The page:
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    Saw this the other night and I have to agree with the

    earlier reviewer that it started promising but then

    turned bad. All the smarts left the movie about half

    way through and were replaced with action sequences.

    Was it just me or did they delete several plot lines

    from the initial story. It seemed like the story probably

    contained more plot but was cut down for time's sake.

    For instance:

    (1) The guy that escaped the Morlocks and then stayed with

    the "phonic guy" until he died. He was never mentioned

    again. Why was he mentioned? Not just so the phonic guy

    knew about the Morlock's. That seems like such a dead end.

    (2) The Jeremy Irons character all of a sudden having the

    time machine and mentioning that Guy Pierce's character

    is inter-twined with him in some special way.

    (3) The "phonic guy" mentioning Guy Pierce's character

    was a time travel scientist in the one early scene. How

    did the world know he was a time travel scientist if

    he just dissappeared before publishing his results?

    Here is my take on things. This is all just speculation

    but I kept waiting for these plot lines to unfold and they

    never did.

    Idea #1) The guy who escaped from the Morlocks was actually

    Pierce's character later in his life story (Back in time

    but after a few more time jumps)

    Idea #2) Pierce's character jumped back in time to the

    point when the Morlocks were first taking over the world

    because he wanted to stop them early on. He had glimpsed

    the future and wanted to change it early on.

    Idea #3) When he jumped back to stop the Morlocks something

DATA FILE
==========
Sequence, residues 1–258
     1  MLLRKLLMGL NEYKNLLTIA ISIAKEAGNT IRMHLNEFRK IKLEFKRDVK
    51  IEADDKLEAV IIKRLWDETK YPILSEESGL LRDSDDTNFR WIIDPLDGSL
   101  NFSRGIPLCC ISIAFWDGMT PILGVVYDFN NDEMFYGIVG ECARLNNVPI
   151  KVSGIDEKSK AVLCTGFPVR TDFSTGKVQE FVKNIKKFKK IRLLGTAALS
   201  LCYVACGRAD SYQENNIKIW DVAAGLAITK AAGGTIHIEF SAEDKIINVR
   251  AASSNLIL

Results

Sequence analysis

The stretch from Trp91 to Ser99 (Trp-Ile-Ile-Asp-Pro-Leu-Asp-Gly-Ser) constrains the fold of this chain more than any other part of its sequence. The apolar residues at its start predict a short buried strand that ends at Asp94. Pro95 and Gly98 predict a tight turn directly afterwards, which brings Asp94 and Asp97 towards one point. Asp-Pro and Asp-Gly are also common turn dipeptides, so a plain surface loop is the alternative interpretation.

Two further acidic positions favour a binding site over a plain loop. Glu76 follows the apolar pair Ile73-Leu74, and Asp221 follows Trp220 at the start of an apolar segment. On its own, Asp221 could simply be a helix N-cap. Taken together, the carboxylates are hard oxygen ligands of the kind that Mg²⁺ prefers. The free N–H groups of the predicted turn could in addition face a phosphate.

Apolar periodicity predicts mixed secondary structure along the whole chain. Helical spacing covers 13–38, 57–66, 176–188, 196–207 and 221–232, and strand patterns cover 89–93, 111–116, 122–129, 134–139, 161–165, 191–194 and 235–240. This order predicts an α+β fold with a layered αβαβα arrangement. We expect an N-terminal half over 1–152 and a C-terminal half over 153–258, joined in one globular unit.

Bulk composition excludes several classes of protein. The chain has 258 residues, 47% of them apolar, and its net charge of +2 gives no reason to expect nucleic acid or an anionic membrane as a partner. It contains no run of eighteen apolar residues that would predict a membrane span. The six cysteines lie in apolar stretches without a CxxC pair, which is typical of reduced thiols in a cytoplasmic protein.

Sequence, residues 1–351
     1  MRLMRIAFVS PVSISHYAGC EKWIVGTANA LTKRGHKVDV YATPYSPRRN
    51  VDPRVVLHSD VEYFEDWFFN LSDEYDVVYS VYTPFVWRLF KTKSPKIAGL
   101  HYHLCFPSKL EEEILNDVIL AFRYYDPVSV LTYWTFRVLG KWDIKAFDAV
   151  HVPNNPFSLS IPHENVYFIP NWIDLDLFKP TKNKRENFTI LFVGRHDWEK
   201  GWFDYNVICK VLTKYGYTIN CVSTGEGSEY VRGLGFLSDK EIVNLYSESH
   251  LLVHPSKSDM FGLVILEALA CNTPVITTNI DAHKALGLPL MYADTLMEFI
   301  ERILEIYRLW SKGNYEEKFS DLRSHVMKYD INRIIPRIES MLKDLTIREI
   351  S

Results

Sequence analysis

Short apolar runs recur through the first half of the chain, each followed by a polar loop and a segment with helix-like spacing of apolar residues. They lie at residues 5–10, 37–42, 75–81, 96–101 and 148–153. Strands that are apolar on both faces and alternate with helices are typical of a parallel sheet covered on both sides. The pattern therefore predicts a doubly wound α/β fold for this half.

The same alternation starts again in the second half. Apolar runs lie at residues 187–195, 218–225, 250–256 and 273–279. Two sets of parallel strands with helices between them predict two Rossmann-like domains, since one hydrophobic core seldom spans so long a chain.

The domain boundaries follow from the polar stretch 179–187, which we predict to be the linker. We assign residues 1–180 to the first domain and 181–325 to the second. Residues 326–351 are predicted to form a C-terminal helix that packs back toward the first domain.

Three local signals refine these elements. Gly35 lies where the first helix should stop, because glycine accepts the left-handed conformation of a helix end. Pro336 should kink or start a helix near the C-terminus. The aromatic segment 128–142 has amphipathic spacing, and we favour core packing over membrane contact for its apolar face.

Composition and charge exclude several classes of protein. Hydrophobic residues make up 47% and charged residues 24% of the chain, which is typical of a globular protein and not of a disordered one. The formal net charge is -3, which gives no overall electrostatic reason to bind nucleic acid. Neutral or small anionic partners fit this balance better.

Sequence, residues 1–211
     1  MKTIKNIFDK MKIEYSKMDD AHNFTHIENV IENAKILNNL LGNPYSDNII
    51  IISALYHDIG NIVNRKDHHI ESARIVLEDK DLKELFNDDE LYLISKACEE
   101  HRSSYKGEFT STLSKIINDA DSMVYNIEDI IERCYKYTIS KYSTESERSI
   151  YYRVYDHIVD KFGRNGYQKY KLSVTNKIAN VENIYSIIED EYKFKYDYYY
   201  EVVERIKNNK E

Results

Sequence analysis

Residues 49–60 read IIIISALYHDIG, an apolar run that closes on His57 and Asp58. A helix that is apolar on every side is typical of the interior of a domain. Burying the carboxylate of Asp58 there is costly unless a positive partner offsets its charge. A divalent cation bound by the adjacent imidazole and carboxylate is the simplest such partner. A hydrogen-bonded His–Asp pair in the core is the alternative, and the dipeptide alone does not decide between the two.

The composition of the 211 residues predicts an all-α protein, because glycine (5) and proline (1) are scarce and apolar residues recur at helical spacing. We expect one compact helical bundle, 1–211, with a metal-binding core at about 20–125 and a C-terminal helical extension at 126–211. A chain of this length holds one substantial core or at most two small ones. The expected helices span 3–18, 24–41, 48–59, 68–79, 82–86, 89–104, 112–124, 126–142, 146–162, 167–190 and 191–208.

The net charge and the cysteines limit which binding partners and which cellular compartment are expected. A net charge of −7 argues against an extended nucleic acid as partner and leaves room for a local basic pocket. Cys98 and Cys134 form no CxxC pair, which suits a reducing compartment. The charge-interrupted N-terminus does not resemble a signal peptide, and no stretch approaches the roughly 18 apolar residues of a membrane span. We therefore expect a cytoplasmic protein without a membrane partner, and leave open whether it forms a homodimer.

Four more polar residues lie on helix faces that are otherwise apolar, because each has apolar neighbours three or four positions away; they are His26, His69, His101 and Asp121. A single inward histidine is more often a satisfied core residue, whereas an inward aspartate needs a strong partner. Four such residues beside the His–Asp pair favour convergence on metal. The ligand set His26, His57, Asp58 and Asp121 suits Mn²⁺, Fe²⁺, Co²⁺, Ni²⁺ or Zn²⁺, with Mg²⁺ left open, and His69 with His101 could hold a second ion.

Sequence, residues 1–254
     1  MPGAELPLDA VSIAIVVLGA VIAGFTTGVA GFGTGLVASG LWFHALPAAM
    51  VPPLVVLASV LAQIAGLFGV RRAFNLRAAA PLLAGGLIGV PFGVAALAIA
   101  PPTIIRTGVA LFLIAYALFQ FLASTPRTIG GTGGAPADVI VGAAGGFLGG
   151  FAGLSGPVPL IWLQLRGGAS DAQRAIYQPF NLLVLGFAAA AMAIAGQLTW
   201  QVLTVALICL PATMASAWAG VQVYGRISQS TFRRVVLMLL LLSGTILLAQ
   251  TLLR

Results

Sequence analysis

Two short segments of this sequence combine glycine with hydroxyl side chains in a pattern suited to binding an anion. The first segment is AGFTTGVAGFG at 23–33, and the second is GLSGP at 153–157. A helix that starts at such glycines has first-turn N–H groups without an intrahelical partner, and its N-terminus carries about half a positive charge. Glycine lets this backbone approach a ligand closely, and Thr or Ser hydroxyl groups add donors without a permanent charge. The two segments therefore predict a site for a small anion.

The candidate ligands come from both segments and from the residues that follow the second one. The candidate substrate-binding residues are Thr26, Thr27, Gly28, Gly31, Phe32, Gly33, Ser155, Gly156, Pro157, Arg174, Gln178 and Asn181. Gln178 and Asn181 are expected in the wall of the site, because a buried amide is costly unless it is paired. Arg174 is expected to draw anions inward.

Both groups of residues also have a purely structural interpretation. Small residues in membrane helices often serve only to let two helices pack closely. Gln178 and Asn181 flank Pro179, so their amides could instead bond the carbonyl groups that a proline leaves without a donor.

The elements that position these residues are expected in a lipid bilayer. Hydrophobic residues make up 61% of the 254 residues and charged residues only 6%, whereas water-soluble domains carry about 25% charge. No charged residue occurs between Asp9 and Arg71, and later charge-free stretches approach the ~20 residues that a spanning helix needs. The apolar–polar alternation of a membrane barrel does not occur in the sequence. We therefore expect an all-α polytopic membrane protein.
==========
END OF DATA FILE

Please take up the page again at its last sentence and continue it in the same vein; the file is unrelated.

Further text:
went wrong and he was separated from his time machine.

    He was defeated and had no way to defeat the Morlocks so

    he escaped from the jungle and lived out his final years

    with the "phonic guy" because he had nothing left to do

    with his life.

    Idea #4) Jeremy Irons character stole the time machine

    from Pierce when Pierce made the jump back. (right before

    he escaped from the jungle) The Main Morlock (Jeremy Irons

    character) then used the time machine to advance his

    reign over the rest of the Morlocks and Eloi (Maybe jumped

    to the future to learn about mind control, etc). Thus,

    he had the time machine in his cave. (It was the same

    machine just a few jumps ahead of the one sitting in the

    the field) This would also explain the Main Morlock's

    comment about how Pierce's character was inter-twined

    with his future and place in the world.

    Idea #5) The rest of the movie would have been how

    Pierce changed this bad time line of him being defeated,

    the time machine being used for the bad and the Eloi

    being imprisoned forever. Somewhere in there he would

    go back to his first time, publish his time travel stuff

    for some reason (to foil the bad future maybe) and then

    live happily ever after at some TIME.

    I know this was a lot and totally my imagination but

    it seemed so logical to me when I was watching the


    I know that all of this would not have been shown in

    the movie. But I do think that maybe the conversation

    between Pierce and the Main Morlock could have brought

    a lot of this information out.

    My ideas would also explain why the main morlock let

    Pierce go. Because he needed him to jump forward and

    then back again so he could steal the time machine

    at an earlier time. Kind of like a vicious cycle.

    This cycle would have been broken when Pierce grabbed

    the watch and pulled the main morlock along for the ride.

    What do some of you think? Any ideas?

    Maybe it will be explained in the DVD. Deleted scenes?